Analytics has been something of a blessing for website developers and search engine optimization companies all over the world. Programs that allow you to track your visitor activity have given businesses the ability to fortify their online marketing efforts by basing their strategies on hard evidence of user behavior. Using web analytics consulting to figure out what has drawn your visitors to your website, what has caught their attention, and what has helped them convert to potential business prospects has been the most valuable online marketing information a business could depend on. The FTC (Federal Trade Commission) however is looking to put a stop to this type of information in the name of user privacy stipulations.
“Do Not Track”
The FTC is trying to make it so that popular web browsers come standard with a “do not track” feature, which will allow consumers to choose whether or not websites can collect data that is based on their activity. This concept was originally published in a report called “Protecting Consumer Privacy in an Era of Rapid Change: A Proposed Framework for Businesses and Policymakers.” This report not only came with a very extensive title, it also came with the potential of being one of the most impactful documents for businesses who use online analytics programs to tailor their websites to be more effective.
What Could Happen?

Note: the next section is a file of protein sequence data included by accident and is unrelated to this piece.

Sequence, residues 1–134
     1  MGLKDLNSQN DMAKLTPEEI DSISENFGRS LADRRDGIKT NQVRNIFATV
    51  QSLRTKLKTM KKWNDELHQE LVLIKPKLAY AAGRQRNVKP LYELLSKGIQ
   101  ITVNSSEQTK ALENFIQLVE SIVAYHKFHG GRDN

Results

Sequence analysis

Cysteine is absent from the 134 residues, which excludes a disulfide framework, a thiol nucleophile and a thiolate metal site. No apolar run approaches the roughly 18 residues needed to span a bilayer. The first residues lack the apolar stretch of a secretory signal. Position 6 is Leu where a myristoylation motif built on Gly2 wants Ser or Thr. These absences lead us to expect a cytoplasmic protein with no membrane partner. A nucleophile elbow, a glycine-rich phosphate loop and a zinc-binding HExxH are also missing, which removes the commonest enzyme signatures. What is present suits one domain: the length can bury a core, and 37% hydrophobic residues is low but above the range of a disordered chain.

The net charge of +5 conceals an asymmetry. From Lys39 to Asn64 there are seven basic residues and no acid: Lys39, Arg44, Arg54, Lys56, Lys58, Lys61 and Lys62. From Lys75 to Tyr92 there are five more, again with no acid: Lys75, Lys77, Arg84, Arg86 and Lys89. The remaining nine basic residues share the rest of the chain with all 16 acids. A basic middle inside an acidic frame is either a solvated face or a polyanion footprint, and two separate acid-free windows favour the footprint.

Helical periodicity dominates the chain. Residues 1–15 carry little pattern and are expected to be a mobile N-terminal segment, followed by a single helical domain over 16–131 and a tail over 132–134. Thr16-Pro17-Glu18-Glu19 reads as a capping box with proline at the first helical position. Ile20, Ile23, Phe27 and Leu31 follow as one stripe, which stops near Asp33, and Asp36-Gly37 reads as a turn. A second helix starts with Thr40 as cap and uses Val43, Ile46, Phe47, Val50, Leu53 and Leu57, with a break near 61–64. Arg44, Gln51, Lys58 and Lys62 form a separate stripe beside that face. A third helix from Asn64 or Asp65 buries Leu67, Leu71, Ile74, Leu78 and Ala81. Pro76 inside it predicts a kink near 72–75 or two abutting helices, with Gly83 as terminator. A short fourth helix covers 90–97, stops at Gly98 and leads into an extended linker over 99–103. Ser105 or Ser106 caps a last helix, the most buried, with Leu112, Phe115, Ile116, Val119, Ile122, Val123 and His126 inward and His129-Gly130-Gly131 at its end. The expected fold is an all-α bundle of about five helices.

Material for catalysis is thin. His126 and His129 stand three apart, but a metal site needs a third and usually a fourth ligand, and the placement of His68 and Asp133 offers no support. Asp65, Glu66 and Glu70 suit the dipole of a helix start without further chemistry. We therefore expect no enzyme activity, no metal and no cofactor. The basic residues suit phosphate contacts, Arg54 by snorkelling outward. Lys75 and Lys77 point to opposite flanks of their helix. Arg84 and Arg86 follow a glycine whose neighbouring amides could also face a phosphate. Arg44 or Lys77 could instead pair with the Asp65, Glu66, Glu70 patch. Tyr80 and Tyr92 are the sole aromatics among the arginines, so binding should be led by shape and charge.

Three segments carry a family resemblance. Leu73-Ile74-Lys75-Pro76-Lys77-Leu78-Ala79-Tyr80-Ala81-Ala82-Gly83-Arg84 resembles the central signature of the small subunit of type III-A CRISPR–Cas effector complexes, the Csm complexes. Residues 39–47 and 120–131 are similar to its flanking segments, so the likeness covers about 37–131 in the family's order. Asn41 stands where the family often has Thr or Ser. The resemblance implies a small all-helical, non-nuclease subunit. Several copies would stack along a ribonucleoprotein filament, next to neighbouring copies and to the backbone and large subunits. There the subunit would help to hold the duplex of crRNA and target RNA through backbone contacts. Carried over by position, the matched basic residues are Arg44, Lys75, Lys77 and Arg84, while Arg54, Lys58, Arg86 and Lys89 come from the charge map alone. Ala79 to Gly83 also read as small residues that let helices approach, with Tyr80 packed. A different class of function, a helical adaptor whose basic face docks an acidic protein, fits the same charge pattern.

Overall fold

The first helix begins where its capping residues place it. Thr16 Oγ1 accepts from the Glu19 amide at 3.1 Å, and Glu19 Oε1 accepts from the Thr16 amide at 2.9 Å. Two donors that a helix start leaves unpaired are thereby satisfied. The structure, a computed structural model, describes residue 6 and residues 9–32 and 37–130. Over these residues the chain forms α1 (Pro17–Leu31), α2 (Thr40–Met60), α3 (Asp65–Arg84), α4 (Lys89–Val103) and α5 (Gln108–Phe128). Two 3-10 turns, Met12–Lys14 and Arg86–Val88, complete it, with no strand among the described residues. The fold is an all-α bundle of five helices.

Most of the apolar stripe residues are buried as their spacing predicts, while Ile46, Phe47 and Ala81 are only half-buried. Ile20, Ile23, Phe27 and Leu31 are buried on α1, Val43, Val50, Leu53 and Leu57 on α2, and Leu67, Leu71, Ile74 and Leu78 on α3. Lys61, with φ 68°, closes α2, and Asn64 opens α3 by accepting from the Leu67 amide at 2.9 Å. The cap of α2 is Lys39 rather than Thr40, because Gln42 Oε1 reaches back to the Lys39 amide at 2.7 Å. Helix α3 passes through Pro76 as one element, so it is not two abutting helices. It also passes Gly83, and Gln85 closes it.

If this motion passes, it could mean dramatic changes for businesses who use online advertising and analytics programs to increase the success of their businesses. In an age of online scams that have turned the web into the Wild West, consumers have become more conservative with who they share their information with. Having the option to not be tracked is going to appeal to a sizable portion of users who are concerned about being taken advantage of by malicious online hackers. It’s not that this information is being used by businesses to promote deception, but the potential information that could be disclosed by allowing websites to track your activity could be potentially harmful, if it finds its way into the wrong hands. But blocking businesses from being able to see what users have done on their site is restricting their ability to create an easier and more enjoyable experience for users. It probably would be best practice not to give all users the ability to put themselves under the radar for analytics programs, but instead, limit the access of websites that have the ability to track user activity.